But that perfect standard of love that God has given to us also reveals just how far we have fallen from achieving that goal. That’s why, in contrast to pure, divine love, we are poor, miserable sinners, who deserve nothing but temporal and eternal punishment.  Try as earnestly as we might, we cannot please God by the things that we do; because even our most sincere deeds will always be tainted with sin.

And the consequences of sin is death.  And that’s what makes, not only death but also sin, such a serious, serious thing.  And even if we are unable to fully grasp that truth, be assured that it doesn’t change God’s thinking on the matter.

And that’s why God sent His Son into this world—in order to stand in our place and take His full wrath and punishment for our sins.  Jesus suffered hell upon the cross; that’s what it means to be forsaken by God.  It was a tremendous price that He paid to rescue you—not just from the grave but from eternal death.  But He was willing to pay it because of His great love for you.

And then, as was stated before, He poured out the benefits of Christ’s atonement upon you in Baptism.  You were born again.  And so, the apostle continues, “You, however, are not in the flesh but in the Spirit, if in fact the Spirit of God dwells in you. Anyone who does not have the Spirit of Christ does not belong to him.” It matters not how kind, good, amusing, or friendly the individual is who dies—without the Spirit, he or she is lost.

“But if Christ is in you, although the body is dead because of sin, the Spirit is life because of righteousness.  If the Spirit of him who raised Jesus from the dead dwells in you, he who raised Christ Jesus from the dead will also give life to your mortal bodies through his Spirit who dwells in you.”

And there’s that little, but oh so important word, “IF.”  “If the Spirit of him who raised Jesus from the dead dwells in you…”

Please listen carefully.  God’s love for you is not conditional.  God doesn’t promise His love to us just long as we do this thing or that for Him, to show that we are worthy of His love.  No, He has given His love to us freely and fully, not because of anything that we have done.  God’s grace is completely undeserved.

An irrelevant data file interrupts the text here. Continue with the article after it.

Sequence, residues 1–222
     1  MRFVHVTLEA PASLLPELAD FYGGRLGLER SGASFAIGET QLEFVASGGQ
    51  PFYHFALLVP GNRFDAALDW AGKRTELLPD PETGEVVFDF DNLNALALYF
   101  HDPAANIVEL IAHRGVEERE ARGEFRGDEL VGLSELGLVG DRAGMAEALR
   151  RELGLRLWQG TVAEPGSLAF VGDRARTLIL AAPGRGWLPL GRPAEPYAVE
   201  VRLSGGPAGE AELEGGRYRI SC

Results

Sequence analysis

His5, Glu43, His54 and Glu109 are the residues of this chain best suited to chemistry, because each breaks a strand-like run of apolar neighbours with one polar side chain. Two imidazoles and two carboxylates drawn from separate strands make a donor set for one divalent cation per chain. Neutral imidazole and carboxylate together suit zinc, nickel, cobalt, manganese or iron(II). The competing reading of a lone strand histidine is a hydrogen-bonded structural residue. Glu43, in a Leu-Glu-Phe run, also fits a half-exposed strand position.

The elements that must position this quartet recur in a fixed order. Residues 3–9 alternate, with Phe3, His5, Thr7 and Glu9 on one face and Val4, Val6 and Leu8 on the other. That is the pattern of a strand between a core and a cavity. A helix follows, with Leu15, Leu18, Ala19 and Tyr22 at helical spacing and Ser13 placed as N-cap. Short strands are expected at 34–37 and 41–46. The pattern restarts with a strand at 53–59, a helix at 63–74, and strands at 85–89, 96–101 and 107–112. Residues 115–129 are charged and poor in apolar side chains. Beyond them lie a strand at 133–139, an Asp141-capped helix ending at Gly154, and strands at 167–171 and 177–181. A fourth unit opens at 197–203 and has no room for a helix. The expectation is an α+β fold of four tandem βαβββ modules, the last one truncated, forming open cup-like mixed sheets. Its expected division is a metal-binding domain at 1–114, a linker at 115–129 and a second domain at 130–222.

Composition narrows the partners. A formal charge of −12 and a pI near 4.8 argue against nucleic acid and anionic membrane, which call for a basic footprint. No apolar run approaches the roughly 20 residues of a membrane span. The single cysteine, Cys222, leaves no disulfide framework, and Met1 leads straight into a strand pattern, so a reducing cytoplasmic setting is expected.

Nevertheless, the only way that any of us can benefit from God’s grace is IF…IF the Spirit of Christ dwells in us; to enliven us with the faith to receive all the blessings of what Jesus has done for us.  And the only way that the Spirit of Christ can dwell in us, is if the Spirit continues to bestow those life-giving gifts upon us through the Gospel, through the promise of Baptism, in the pronouncement of Holy Absolution, and by the true body and blood of Christ given and shed for you.

These things that we engage in here at church—these aren’t merely things we do—no, these are the urgent works of God to prepare us for death and judgment by bestowing the saving gift of faith right now.

I can tell you something from a personal point of view—it’s a lot easier for me as a pastor to preach confidently and joyfully at the funeral of someone who has been faithful in their participation in the means of grace than it is for someone who has only made an appearance here occasionally.  But don’t let that be a determining factor for any of you.  This is all about Christ!  Nothing else.

No, death is not a casual matter.  Its impact can be devastating… for those who do not live in the assurance that death is one of the enemies that Christ soundly defeated, along with sin and the devil.  People, you can’t rid yourself of sin.  You are no match for the murderous attacks of the devil.  And you certainly cannot keep death at arms length.  But you can find victory over all three, in the presence of the Almighty Son of God Who loved you and gave Himself for you!

Martha was right.  “Lord, I know that whatever you ask from God, God will give you… I believe that you are the Christ, the Son of God, who is coming into the world.”

Dearly beloved, this Lord is your Lord.  This Christ still comes into this world to answer your most heartfelt cries.  This Savior is the One Who tasted death Himself, in order to free you from its clutches and assure you of a perfect life in His presence that has no end.

“Do you believe this?”  Then let all God’s people say, “Amen!”

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3234 Mishicot Road  Two Rivers, WI 54241  920-793-1716